THREE generations of a family made an emotional visit to a school for a special assembly to honour its captains from 100 years ago.
As part of its commemorations of the start of World War One, Bury Grammar School Boys invited descendants of William Morris to the school for the event which also honoured two fellow students.
The assembly, entitled ‘Three Captains’, marked the centenary of the school’s sports day in 1914 when the school’s three houses were led by pupils William Morris, John Hartington and John Maddox.
Just days after the sports day, on June 23, Archduke Franz Ferdinand was assassinated in Sarajevo by Bosnian Serb Gavrilo Princip, an incident which led to the outbreak of the war.
All three Bury men went on to serve during the war in the Lancashire Fusiliers.
At the assembly the school welcomed Mr Morris’s son David, grandson Lieutenant Commander Paul Morris and great-grandson Bradley.
During their visit, the family was shown trophies which Mr Morris won, as well as photographs and other documents.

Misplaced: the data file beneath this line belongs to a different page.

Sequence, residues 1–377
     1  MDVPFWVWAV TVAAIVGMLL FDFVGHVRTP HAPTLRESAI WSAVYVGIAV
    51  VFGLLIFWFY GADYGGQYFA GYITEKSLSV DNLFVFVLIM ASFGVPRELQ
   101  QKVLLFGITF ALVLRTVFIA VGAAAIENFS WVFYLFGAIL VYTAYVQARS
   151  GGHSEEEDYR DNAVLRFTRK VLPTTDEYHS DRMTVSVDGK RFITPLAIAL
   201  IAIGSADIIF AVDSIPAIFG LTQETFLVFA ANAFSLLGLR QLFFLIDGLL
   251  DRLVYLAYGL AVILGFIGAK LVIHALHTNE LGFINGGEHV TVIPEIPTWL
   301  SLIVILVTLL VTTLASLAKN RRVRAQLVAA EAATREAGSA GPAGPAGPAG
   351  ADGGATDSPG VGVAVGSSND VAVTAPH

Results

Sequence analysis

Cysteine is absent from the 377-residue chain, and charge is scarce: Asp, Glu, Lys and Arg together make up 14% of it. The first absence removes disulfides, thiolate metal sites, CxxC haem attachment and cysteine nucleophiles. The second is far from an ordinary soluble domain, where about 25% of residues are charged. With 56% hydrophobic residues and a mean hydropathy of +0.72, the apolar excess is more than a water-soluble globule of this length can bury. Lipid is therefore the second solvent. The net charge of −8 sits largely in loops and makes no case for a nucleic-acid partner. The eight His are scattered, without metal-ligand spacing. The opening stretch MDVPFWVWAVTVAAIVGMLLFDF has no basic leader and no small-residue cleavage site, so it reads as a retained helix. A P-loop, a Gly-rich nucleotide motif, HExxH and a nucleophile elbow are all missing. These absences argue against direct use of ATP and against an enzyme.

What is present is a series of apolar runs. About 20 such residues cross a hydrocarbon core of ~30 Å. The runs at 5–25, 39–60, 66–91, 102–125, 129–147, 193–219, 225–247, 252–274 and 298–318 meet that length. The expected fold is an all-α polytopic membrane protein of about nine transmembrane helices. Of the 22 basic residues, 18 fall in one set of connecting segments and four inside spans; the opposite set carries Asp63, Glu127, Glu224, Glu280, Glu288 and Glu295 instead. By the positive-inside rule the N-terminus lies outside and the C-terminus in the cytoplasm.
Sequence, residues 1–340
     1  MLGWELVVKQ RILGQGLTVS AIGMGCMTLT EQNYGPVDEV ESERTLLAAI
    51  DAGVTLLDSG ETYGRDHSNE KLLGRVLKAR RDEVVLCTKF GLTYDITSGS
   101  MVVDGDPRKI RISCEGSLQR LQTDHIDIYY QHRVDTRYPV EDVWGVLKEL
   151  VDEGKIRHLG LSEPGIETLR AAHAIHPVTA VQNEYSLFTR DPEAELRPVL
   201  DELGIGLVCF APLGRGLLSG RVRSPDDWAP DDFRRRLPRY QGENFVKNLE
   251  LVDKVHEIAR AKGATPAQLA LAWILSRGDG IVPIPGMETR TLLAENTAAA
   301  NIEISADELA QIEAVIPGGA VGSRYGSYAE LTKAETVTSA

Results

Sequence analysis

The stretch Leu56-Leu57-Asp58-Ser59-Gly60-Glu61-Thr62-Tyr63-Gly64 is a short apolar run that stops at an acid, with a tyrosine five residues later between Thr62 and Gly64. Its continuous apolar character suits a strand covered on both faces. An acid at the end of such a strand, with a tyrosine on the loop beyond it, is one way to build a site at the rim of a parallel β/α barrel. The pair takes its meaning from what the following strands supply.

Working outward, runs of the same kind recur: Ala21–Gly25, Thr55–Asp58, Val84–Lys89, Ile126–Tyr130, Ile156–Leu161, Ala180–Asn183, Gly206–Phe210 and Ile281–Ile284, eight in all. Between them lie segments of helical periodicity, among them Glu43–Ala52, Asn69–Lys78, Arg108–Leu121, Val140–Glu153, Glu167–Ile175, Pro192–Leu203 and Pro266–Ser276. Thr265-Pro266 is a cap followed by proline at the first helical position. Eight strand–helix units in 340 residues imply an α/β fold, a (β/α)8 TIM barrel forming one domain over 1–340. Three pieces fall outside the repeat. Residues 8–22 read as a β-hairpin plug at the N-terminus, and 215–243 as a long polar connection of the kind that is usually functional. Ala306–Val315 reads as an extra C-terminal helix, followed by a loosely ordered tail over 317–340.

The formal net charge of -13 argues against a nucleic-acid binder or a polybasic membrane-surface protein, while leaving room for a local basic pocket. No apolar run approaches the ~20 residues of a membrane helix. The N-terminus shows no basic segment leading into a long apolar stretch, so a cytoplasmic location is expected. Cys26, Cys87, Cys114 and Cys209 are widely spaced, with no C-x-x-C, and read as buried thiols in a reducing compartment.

William was a successful athlete, breaking the long jump record at the Public School Athletics Championships in London in 1914, and was honoured by a torchlight procession through the streets of Bury on his return.
He was predicted to become a top international athlete and also played as an amateur for Bury FC, in addition to gaining a scholar-ship at Cambridge University.
However, he was seriously wounded in the foot in September 1916 after leading a trench raid on German positions, which effectively ended his athletics career.
He returned to Cambridge after the war, and later married Marion Grundy from Bury and moved to the Bristol area to manage a cocoa factory, where his descendants now live. He died in 1979 in his 80s.
William’s two brothers Robert and Joseph also attended Bury Grammar School and served during the war.
Robert was himself a gifted athlete and became school captain, and was badly wounded in 1916 serving with the Lancashire Fusiliers in Macedonia.
Joseph was the last former pupil of the school to be killed in action during the war, on November 4 1918, just a week before the Armistice.
The school’s motto, ‘Sanctas Clavis Fores Aperit’, is inscribed on his headstone at Pommereuil Military Cemetery in France.
Mark Hone, the school’s head of history and politics, said: “Over 600 former pupils of Bury Grammar School fought in the war and 97 did not return, including two of the captains.
“Lieutenant John Maddox was killed by a sniper at Delville Wood on the Somme in 1916, aged 19, and John Hartington, who won the Military Cross on the Somme, died a year later in Belgium.